The on-site firearm training program for the officers participating in the pilot was developed with the assistance of the Chief of the FBI Academy Firearms Training Unit, who reviewed the final training plan and concluded that our training exceeded or was equivalent to that offered by most federal agencies. Also, at our request, the Chief of the Academic Affairs Section at the FBI Academy reviewed our basic police officer training course. Although this Section does not certify or accredit basic law enforcement training, it was their conclusion in April 1996, that VA's 160-hour basic course appeared to be consistent with the standards established at the Federal Law Enforcement Training Center and at several state academies.
Title 38 authorizes the Secretary to prescribe the scope and duration of training required for Department police officers. Immediately after my appointment, I focused attention on improving both the quality and quantity of training given to VA police. At that time there was a small, but dedicated, staff providing a basic police officer training course of only 68 hours at the Little Rock VAMC. The Department of Justice had recommended to VA that the training course be 160 hours. In August 1992, we expanded the basic police officer course to 160 hours, added highly qualified instructors in the important areas of law and human behavior, and greatly improved the classroom facilities. In the basic course, we emphasize the specialized and specific needs of policing in a health care environment and the participation of VA police officers as a part of the medical care team.
VA's law enforcement training program is now funded through the Franchise Fund and provides basic police officer training to police officers from the National Gallery of Art, the Indian Health Services of the Oglala Sioux Indian Tribe, Pine Ridge, SD, and Walter Reed Army Medical Center. These organizations have chosen our training center, in part, because of our focus on training our officers to deal with difficult persons, utilizing the minimum amount of force necessary.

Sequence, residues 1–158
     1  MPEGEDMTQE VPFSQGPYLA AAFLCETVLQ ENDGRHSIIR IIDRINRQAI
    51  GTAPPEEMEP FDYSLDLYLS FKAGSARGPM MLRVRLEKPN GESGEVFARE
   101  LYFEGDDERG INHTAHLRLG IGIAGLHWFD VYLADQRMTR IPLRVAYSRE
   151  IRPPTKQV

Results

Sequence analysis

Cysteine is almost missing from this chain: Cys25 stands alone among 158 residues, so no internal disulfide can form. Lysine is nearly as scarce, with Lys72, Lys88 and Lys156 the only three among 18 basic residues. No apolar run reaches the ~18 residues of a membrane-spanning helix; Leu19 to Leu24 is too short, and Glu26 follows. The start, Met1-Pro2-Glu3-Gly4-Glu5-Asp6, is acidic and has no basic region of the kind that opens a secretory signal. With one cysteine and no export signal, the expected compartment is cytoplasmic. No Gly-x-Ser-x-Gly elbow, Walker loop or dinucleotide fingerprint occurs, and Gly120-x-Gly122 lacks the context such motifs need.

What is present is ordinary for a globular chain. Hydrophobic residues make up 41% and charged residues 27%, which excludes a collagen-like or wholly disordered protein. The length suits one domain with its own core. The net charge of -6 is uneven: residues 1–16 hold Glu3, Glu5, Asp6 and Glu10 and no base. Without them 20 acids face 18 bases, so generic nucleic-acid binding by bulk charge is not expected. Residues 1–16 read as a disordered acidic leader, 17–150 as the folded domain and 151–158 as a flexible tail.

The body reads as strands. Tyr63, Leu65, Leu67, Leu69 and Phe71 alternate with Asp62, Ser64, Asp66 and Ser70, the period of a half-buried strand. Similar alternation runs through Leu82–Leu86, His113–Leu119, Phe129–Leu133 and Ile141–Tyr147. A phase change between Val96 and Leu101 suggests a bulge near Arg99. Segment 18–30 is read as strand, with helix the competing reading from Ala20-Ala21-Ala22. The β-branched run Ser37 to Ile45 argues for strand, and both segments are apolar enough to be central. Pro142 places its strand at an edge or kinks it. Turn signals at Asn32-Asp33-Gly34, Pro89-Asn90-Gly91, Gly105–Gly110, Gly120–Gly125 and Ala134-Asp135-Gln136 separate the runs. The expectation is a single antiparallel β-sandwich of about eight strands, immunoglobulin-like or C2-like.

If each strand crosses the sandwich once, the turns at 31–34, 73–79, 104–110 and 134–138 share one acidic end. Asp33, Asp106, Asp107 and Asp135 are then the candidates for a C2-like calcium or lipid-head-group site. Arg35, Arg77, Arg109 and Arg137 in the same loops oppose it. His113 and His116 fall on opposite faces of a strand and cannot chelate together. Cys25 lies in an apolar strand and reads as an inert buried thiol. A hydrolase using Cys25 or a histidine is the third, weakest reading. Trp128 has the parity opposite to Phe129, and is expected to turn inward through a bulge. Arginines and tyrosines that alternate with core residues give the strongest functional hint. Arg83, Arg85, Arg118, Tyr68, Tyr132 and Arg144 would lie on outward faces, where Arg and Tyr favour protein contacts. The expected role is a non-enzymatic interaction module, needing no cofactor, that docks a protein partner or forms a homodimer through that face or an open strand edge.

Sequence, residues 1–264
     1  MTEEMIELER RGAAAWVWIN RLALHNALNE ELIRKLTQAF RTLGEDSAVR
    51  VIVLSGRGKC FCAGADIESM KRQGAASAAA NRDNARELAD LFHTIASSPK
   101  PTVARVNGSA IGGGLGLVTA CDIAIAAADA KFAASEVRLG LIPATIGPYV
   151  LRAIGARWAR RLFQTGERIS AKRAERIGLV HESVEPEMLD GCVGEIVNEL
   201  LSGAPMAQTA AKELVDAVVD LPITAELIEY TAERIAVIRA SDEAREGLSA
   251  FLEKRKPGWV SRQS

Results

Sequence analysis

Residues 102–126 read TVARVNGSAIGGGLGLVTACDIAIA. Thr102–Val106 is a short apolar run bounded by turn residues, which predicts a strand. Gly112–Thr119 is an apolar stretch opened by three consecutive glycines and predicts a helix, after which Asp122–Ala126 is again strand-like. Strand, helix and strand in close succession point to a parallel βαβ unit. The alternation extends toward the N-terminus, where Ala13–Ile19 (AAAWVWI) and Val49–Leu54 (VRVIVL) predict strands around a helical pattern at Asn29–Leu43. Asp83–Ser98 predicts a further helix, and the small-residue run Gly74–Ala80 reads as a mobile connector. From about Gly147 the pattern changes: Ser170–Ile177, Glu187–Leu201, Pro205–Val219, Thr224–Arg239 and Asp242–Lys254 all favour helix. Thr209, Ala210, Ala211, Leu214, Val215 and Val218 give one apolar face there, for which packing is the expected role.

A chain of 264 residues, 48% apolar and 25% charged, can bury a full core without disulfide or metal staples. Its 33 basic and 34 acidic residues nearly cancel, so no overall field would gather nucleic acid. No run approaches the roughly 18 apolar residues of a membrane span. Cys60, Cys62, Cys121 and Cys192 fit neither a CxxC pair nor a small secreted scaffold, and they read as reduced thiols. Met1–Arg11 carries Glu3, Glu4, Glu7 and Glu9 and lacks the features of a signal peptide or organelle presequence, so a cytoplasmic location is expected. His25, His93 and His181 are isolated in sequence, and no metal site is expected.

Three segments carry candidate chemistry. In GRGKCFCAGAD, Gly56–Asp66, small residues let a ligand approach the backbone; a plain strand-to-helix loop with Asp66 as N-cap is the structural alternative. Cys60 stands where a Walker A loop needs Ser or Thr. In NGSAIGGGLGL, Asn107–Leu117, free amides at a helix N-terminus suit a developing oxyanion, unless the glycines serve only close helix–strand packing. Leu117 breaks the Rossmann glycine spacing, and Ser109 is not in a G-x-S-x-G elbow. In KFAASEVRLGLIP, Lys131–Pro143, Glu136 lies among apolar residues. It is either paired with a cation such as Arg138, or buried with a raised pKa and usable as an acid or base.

Finally, I wish to emphasize that we see the firearm as another tool for the officer. We do not see that its addition, in any way, changes the philosophy that Department officers use only the minimum amount of force necessary to de-escalate violent encounters.
Since the 1992 House Veterans' Affairs Committee hearing on controls over addictive drugs and drug diversion, VA has made significant progress. Working with the Office of the Inspector General, the General Accounting Office, and the Office of Security and Law Enforcement, the Veterans Health Administration has instituted regulations over the accountability of controlled substances that are more strict than any state or any other health care system's requirements. Mr. Chairman, I would like to briefly review some of the major actions taken by the Department to address the diversion issue.
In 1991, the Secretary reported controls over lower scheduled drugs as a material weakness under the Federal Managers' Financial Integrity Act report. Subsequently, a series of actions were planned to correct the material weakness. Resources were identified and approved for both the software development and the necessary hardware to support the movement to requiring perpetual inventory of all controlled substances. To improve accountability and automate manual processes, three versions of controlled substances software have been released to VA medical centers. Today all VA medical centers and clinics are required to maintain perpetual inventory of all controlled substances dispensed. These requirements will result in controls that exceed the community standards. In 1997, VA will recommend that the material weakness be closed.
To deter and detect diversion, VA required that access to controlled substances be limited within the pharmacy and that documentation be maintained regarding employees who have that access. Storing and dispensing of controlled substances must occur within locked areas and electronic access control devices must be installed on all locations within pharmacy where controlled substances are stored or dispensed. This includes all cabinets, vaults, drawers, and carts where controlled substances are stored or from which they are dispensed.